Côte de Beaune

The Côte de Beaune is one of the main areas of wine production in Burgundy. It makes up the southern portion of the famous Côte-d’Or, a limestone escarpment that encapsulates both the Côte de Beaune and the Côte de Nuits. The Côte de Beaune is a great place to try Chardonnay and pinot noir wines, which are the particular specialties of the vineyards in the area. While you’re there, be sure to visit the Hospices de Beaune, a historic piece of architecture lauded for its prestigious wines.

Côte de Nuits

The Côte de Nuits is the northern portion of the Côte-d’Or wine production region. This area is located near Dijon, extending to Nuits-Saint-Georges. Like the Côte de Beaune, the Côte de Nuits is known as one of Burgundy’s main areas of wine production. It’s famous for its red wines, specializing in the production of pinot noir. If you’d like to taste a fine pinot noir, there’s no better place to do that than the Côte de Nuits. One of the best wine production locations to visit in this area is the Château du Clos de Vougeot; once kept by Cistercian monks, the château is still a great place to learn about and taste wine.


Located in the northernmost part of Burgundy, Chablis is a wine production region that produces wine exclusively from Chardonnay grapes. Known for their drier taste and richer flavors, Chablis’ Chardonnay wines are rather different and distinct from those produced in other regions. This is mainly due to the Kimmeridgian limestone soil of the region in which the grapes are grown. Chablis wines come in a range of quality levels, including Chablis Premier Cru, Chablis Grand Cru, Chablis, and Petit Chablis.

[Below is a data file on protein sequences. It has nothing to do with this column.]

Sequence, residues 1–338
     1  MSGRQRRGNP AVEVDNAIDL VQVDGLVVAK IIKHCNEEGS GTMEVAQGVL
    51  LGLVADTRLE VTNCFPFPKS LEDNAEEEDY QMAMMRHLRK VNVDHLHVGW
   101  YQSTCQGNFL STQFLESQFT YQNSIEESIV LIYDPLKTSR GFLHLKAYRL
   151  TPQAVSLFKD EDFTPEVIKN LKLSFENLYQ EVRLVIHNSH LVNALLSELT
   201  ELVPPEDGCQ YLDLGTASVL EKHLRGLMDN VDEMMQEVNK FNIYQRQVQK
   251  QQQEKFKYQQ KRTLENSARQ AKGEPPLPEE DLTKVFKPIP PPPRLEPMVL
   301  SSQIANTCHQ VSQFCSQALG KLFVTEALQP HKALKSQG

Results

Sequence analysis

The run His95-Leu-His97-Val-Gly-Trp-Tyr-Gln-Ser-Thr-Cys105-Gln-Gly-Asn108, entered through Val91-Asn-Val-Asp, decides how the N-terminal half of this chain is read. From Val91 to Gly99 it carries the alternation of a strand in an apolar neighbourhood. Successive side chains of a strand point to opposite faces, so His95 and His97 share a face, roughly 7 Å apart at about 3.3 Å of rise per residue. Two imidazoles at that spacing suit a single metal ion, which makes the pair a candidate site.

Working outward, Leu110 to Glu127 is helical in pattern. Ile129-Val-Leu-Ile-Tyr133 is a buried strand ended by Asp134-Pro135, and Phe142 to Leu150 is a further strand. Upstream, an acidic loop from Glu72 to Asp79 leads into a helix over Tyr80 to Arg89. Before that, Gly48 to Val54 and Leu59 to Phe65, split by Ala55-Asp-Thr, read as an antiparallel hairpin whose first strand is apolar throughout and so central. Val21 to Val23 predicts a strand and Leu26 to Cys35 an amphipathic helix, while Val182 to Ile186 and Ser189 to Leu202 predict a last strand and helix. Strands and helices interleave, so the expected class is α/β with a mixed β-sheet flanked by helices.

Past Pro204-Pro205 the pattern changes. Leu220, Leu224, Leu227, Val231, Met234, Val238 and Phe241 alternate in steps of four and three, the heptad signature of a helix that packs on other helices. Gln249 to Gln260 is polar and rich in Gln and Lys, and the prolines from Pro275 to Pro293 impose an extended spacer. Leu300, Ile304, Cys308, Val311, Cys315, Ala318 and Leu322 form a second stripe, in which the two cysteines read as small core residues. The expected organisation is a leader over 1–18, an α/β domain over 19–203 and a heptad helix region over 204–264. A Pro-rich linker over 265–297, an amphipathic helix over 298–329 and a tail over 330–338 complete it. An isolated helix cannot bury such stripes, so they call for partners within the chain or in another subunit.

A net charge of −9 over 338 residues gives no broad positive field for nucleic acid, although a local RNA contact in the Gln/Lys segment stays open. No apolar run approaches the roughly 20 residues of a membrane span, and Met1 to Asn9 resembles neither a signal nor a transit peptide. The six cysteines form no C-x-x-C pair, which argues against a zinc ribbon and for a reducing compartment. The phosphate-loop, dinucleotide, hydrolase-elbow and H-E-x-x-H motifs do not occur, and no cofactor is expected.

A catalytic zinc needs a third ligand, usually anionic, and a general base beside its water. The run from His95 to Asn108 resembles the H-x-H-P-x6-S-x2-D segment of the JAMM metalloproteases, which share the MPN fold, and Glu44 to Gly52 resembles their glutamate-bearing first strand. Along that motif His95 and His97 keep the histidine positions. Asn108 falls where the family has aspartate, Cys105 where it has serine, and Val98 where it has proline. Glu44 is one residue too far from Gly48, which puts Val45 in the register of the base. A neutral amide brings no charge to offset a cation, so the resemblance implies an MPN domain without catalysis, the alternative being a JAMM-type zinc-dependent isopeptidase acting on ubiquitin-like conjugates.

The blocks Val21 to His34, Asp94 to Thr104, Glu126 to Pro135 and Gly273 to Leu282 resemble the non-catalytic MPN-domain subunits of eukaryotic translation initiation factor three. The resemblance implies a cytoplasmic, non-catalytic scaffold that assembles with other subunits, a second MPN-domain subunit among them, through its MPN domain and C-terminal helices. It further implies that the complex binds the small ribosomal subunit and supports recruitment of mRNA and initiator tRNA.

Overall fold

Côte Chalonnaise

The Côte Chalonnaise, located in Saône-et-Loire in eastern France, grows both pinot noir and Chardonnay grape varieties. Notably, there are no Grand Cru vineyards in Côte Chalonnaise, but the region still produces some very good wine. One highlight of this area is Rully, which is considered the birthplace of traditional Crémant de Bourgogne, so if you like a good sparkling wine, this is the place to visit.


Burgundy’s final wine region, Mâconnais, is located in the southern part of Burgundy near its namesake town, Mâcon. Mâconnais mainly produces Chardonnay wines, but it also produces a smaller amount of pinot noir and gamay wines. The white wines of Mâconnais, though not as expensive as white varieties from other Burgundy regions, are still considered quality wines with soft, fresh, and fruity flavors.

Visiting any one of these best places in Burgundy to taste wine is a great way for wine connoisseurs to experience some of the finest red and white wines in the world. If you’re interested in visiting scenic French locations and learning about the history of some of the most historic vineyards in France, contact us to book one of our wine-tasting tours in Burgundy, France, aboard the Grand Victoria. Your palate will thank you!